Wednesday, September 16, 2020

Rosie Makes Mr. Hawthorne A Birthday Cake. It's Pound/Lemon/Pistachio. And Caramel!

Mr. Hawthorne's birthday was not too long ago and throughout the years, I've made all manner of cakes for this auspicious occasion.  I've done cheesecakes, tiramisus, dense and intense chocolate cakes, coconut pecan cakes, boozy, rum-saturated cakes - you name it, I've done it.  I thought I'd try something a little different this year.  I wanted something like a pound cake but in a bundt pan.  And I had pistachios.  And lemons. And a homemade vanilla pudding mixture still in the fridge leftover from that rum cake. So there's my start.

First, I liberally buttered and pistachio-ed my bundt pan.

Here are all my ingredients.

Rosie's Pistachio and Lemon Bundt Cake
3 sticks unsalted butter, room temperature
1 8-oz. package cream cheese, room temperature
1 tsp salt
2 1/2 cups sugar
3 oz. homemade vanilla pudding mix  (Recipe below.)
6 eggs, room temperature
3 cups sifted cake flour
zest of 2 lemons
Caramel glaze  (Recipe below.)

Heat oven to 325°.
Cream butter and cream cheese on medium high speed until nice and ... creamy.
Slowly beat in sugar and dry pudding mix.
Continue beating mixture for about 7 minutes.  Don't skimp on the whip time here.  Because the eggs are the only leavening ingredients (no baking soda or powder), you want to whip plenty of air into the cake during the creaming process so you'll get the lift you want during baking.
Reduce speed to medium low and beat in eggs, one at a time, mixing until incorporated.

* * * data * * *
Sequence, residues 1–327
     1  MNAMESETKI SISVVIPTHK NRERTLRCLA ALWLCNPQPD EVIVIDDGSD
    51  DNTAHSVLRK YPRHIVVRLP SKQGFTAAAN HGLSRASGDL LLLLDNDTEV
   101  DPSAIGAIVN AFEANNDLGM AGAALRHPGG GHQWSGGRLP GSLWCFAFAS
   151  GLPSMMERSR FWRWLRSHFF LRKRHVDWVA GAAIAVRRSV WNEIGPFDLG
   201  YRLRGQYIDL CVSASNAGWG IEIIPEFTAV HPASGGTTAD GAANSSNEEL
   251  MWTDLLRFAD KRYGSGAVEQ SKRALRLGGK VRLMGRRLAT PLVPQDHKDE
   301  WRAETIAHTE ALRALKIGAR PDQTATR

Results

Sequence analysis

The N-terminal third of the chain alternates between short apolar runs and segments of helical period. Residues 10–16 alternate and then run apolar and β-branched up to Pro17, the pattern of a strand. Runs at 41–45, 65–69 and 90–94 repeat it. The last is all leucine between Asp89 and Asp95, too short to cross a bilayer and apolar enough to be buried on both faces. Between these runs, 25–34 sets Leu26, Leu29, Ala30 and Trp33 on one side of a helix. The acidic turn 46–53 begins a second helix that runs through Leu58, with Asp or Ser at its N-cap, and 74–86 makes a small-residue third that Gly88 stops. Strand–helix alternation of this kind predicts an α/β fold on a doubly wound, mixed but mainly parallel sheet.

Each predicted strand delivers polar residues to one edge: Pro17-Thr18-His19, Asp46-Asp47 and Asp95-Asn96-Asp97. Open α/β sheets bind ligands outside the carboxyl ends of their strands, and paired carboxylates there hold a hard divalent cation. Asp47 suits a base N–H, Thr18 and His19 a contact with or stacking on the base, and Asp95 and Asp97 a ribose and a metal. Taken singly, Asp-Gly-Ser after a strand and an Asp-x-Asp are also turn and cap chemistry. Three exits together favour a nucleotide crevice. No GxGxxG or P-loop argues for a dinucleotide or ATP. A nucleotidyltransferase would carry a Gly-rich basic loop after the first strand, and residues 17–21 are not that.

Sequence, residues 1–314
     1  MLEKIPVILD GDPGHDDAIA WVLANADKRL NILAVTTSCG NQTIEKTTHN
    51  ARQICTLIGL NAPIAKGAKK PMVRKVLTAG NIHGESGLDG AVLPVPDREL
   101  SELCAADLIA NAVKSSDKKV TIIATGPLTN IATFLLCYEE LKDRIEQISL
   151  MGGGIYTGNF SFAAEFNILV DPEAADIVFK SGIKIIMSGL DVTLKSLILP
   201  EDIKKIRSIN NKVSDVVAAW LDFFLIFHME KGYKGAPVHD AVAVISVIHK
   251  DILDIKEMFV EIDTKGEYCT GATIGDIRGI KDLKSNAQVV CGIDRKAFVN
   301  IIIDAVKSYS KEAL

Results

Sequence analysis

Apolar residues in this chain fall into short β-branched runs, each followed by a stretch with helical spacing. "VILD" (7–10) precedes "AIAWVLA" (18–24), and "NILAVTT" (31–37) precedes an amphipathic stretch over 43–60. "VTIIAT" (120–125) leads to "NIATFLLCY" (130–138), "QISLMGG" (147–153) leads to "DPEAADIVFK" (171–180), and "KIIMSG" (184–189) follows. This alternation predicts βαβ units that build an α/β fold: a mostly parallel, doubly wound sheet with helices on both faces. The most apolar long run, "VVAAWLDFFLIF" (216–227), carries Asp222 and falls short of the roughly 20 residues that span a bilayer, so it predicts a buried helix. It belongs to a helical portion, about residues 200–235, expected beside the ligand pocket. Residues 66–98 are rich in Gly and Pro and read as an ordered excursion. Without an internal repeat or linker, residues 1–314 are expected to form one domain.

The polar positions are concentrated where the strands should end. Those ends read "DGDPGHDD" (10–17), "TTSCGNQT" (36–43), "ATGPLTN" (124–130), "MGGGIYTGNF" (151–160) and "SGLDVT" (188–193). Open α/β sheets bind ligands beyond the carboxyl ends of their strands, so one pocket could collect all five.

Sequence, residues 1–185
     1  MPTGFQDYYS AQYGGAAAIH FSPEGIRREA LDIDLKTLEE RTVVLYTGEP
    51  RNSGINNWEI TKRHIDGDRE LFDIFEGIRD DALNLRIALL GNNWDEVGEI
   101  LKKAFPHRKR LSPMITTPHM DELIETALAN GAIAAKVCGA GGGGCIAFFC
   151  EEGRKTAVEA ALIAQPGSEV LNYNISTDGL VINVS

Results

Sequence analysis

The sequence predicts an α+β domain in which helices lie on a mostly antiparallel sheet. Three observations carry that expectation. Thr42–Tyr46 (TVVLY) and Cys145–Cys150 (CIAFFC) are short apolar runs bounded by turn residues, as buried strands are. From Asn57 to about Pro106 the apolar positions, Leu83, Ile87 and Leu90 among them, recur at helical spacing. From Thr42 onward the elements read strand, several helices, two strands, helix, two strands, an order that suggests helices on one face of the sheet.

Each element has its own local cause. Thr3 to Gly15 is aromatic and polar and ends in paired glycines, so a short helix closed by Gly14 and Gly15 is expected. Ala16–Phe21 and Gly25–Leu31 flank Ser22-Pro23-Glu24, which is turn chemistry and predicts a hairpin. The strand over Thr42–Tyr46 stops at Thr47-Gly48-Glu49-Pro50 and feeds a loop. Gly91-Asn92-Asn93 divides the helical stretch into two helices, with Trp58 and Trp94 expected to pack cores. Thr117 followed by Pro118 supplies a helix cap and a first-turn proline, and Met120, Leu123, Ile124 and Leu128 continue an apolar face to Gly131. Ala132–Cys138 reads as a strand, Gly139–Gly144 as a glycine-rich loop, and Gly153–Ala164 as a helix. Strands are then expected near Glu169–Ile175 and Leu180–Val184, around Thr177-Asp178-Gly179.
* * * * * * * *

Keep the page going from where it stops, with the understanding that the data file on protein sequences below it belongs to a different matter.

Reduce speed to low and gradually add flour, about a cup at a time, until just incorporated.  Do not overbeat.
Stir in lemon zest.
Pour batter into prepared bundt pan, smoothing top.
Bake for 1 hour, 15-20 minutes, until toothpick comes out clean.
Let cool in pan for 10 minutes, then invert onto cooling rack and let cool completely.

When cool, take a skewer or chopstick and punch holes through top of cake.
Drizzle caramel glaze over top and sides of cake, letting the glaze go into the holes. This way, you'll have nice little tunnels of caramel channeling through the cake.

Vanilla Pudding Mix
3/4 cup nonfat dry milk powder
3/4 cornstarch
1 cup sugar
1 tsp kosher salt
2 whole vanilla beans
Combine dry milk, cornstarch, sugar, and salt.  Slice down the length of the vanilla beans and scrape out seeds, adding them to the dry ingredients.  Whisk until evenly distributed.  Don't throw out the scraped beans.  Slice into thirds and throw them into the mixture as well.  Pour mixture into a zip-lock plastic bag and keep in refrigerator.  The mixture keeps well in the fridge.  If you ever use additional vanilla bean seeds, save the beans and throw them into the mix as well.  (One can never have too much vanilla.)